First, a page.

Clarke Inquiry into the case of Dr Mohamed Haneef Print E-mail
Monday, 19 May 2008


On 13 March 2008 the Attorney-General, the Hon Robert McClelland MP announced the appointment of the Hon. John Clarke QC to conduct an inquiry into the case of Dr Mohamed Haneef.


The Inquiry is to examine and report on a number of matters, including the arrest, detention, charging, prosecution and release of Dr Haneef,the cancellation of his visa, the administrative and operational procedures and arrangements of the Commonwealth and its agencies relevant to these matters, and any deficiencies in the relevant laws. 

On the 19 May 2008, AMCRAN presented a submission regarding the controversial arrest and detention of Dr Mohamed Haneef to the Clarke enquiry convened by the Federal government to review the actions of federal authorities in the affair.

AMCRAN offered the following comments, relating to the four issues designated by the Head of Enquiry, Hon John Clarke QC:

1. The arrest, detention, charging, prosecution and release of Dr Haneef, the cancellation of his Australian visa and the issuing of a criminal justice stay certificate


The Muslim community has long felt targeted by the application of the anti-terrorism laws, and there has been intense fear within the community. The case of Dr Haneef has only served to heighten this fear and insecurity.

2. The administrative and operational procedures and arrangements of the Commonwealth and its agencies relevant to these matters


AMCRAN expressed concern over the use of ‘dead time’ provisions, that enabled authorities to extend the authorised 48 hour questioning period over several days.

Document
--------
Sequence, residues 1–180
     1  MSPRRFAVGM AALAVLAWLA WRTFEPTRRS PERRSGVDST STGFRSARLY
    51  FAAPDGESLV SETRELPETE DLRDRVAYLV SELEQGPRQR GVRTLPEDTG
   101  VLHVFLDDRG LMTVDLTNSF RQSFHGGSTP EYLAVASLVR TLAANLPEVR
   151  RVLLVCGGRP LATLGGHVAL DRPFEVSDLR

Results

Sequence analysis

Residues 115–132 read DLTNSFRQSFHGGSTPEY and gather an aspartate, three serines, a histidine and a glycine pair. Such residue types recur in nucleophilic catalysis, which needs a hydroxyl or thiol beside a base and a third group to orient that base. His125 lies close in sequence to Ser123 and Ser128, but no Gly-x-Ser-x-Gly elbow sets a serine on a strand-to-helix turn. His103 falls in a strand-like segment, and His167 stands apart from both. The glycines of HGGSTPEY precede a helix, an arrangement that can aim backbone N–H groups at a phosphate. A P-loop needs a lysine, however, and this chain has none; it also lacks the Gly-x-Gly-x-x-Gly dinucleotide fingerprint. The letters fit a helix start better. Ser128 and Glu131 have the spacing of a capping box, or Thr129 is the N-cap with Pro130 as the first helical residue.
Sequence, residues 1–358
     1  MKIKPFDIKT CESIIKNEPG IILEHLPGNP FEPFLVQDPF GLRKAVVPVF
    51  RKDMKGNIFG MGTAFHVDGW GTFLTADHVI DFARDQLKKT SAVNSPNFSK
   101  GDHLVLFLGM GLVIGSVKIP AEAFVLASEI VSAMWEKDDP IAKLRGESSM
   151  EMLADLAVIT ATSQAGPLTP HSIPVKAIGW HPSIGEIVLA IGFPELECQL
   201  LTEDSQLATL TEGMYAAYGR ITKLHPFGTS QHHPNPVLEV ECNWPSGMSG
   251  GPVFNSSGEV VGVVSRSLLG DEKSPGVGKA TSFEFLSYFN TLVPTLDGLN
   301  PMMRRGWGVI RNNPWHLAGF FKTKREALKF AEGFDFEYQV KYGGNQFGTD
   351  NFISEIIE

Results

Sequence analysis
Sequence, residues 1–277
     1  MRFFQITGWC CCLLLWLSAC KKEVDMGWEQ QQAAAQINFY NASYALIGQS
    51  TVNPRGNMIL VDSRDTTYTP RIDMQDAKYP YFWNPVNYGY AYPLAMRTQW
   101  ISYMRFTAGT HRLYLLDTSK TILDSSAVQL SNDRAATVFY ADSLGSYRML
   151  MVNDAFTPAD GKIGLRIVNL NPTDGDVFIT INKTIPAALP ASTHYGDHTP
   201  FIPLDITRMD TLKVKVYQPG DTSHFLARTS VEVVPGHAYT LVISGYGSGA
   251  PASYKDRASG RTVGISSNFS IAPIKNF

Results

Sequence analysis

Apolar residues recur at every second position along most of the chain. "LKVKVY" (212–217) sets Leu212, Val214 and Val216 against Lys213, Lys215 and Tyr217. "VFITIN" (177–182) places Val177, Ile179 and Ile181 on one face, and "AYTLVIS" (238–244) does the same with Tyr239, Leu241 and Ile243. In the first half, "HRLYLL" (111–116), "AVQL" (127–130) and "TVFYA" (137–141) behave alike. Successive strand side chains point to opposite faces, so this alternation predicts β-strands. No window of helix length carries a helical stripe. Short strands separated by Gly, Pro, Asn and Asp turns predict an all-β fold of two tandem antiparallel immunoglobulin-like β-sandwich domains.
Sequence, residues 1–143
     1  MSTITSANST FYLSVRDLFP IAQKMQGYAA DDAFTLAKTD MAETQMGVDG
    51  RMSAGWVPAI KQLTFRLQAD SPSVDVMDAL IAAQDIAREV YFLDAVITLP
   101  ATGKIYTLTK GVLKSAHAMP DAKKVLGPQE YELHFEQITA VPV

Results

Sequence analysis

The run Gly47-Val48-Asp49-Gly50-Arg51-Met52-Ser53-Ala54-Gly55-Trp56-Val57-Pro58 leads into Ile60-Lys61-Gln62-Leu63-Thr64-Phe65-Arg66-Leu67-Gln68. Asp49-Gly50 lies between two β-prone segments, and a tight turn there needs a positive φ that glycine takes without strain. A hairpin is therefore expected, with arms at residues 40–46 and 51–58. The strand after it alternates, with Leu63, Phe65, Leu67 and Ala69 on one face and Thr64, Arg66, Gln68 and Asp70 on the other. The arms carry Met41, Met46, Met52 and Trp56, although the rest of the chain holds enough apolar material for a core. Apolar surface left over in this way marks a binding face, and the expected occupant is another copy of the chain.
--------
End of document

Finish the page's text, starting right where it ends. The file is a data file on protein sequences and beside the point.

AMCRAN also raised concern over the lack of publicly available specifics relating to Dr Haneef’s case. We offered the opinion that, in future cases, the fortuitous leaking of information by concerned counsel cannot be relied upon as the only means to access information regarding terror investigations.

3. The effectiveness of cooperation, coordination and interoperability between Commonwealth agencies and with state law enforcement agencies relating to these matters


AMCRAN raised the concern that the confusing and simultaneous deployment of multiple security agencies—the Australian Federal Police, Australian Security and Intelligence Organisation, and the Queensland Police—confounded the possibility of holding any of these agencies accountable for their treatment of Dr Haneef.

AMCRAN noted that the confusing interplay of state and federal authorities has also been a problem amongst the Muslim community

4. Having regard to the above, any deficiencies in the relevant laws or administrative and operational procedures and arrangements of the Commonwealth and its agencies, including agency and interagency communication protocols and guidelines.

Under this heading, AMCRAN suggested that Dr Haneef’s case is an example of the broad and nebulous application of the laws, capable of capturing the type of innocuous activity that Dr Haneef was accused of engaging in.

In concluding, AMCRAN suggested the pertinence of the issues raised in this review not just for the broader Muslim community, but also the Tamil, Kurdish and Somali communities in Australia. AMCRAN suggested a thorough review into the operation of the laws that addressed the concerns of these affected communities.


This submission was prepared by Sanmati Verma and Ayishah Ansari. The office of Hon John Clarke QC acknowledged receipt of the submission on 19 May 2008.


The Inquiry will report by 30 September 2008. To view information on the progress of the report and its terms of reference, see the Clarke Inquiry website.


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